The Heritage Foundation hosted a Benghazi panel on Monday that took a turn for the worse when a Muslim law student asked the panel a question about their portrayal of Islam as universally bad. Their answers, detailed in Dana Milbank's Washington Post column, quickly turned introduced a comparison to Nazi Germany.
As Milbank notes, the panelists' intense, angry response to a question from the "soft-spoken" student — along with the standing ovation it triggered from the crowd — was something of an "unexpected turn" to the panel. However, it is perhaps not so surprising when you know that two of the Foundation's panelists were Brigitte Gabriel of ACT! for America, and Frank Gaffney of the Center for Security Policy. Gabriel is a prominent anti-Sharia activist who is a regular commentator on Fox News. Gaffney is one of the architects of a conservative approach to national security that advocates for the profiling and surveillance of Muslim Americans.
Here's a video of the relevant segment, lifted from Heritage's livestream of the panel (via Media Matters):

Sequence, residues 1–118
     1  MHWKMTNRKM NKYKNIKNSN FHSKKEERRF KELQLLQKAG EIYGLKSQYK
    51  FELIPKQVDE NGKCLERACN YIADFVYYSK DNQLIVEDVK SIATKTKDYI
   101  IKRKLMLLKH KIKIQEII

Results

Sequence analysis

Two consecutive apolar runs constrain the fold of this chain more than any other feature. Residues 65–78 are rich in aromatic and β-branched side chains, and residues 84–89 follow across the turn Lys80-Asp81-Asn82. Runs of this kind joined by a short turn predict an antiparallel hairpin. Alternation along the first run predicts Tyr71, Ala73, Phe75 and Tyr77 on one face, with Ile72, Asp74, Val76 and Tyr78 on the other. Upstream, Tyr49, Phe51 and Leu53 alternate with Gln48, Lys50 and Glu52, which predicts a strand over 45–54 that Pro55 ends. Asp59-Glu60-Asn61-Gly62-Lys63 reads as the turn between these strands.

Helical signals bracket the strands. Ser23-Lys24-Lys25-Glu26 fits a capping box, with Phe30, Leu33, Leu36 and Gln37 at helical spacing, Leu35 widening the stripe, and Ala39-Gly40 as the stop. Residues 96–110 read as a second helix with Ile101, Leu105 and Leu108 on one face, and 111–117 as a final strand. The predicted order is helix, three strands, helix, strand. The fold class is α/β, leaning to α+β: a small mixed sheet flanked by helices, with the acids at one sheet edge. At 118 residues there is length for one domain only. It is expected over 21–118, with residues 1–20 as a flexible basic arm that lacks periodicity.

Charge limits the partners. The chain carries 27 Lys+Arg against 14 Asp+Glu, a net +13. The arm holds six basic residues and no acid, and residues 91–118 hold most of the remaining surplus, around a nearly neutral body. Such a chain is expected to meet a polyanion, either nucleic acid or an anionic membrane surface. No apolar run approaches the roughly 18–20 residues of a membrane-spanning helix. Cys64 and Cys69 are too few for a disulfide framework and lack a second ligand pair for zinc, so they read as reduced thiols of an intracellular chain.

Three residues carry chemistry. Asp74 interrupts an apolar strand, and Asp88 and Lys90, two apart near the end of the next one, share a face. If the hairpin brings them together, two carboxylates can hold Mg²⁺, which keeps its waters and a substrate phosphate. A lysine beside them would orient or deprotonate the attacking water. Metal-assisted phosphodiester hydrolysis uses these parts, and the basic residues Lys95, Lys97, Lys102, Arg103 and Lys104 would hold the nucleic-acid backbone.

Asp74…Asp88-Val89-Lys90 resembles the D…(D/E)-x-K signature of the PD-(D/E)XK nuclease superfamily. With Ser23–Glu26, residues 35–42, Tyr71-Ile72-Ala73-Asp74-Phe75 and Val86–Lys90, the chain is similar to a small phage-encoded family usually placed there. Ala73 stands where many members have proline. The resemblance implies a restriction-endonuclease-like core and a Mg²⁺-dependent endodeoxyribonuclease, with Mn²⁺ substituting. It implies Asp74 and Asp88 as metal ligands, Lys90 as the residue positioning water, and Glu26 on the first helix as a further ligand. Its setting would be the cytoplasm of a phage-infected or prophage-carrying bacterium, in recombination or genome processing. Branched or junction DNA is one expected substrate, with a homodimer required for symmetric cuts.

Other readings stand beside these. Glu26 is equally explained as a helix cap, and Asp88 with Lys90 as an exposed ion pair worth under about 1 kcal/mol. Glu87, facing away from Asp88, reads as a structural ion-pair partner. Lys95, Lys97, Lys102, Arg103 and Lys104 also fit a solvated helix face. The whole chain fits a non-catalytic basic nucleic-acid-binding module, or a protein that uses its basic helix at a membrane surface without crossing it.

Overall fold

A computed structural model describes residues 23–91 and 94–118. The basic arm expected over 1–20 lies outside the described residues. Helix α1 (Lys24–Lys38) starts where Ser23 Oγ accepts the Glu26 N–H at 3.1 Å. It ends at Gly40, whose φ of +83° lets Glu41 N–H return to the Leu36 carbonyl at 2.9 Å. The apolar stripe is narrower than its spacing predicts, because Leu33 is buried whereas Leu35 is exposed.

Gaffney himself often takes a soft tone when responding to accusations that his ideas are bigoted or dangerous. In the video, he speaks first after American University law student Saba Ahmed asks the panel to address "how can we fight an ideological war with weapons," and questioned the panel's portrayal of Islam as inherently bad. Gaffney, as he often does, makes a distinction between "moderate" and "bad" Muslims. However, his argument includes the implication that the "moderate" Muslims would become radicalized if they were simply more devout to their own religion. In other words, it's a complicated and subtle response, but it still does the thing that Ahmed's question criticizes: Gaffney's approach to combating terrorism involves the assumption that any follower of Islam is uniquely suspect.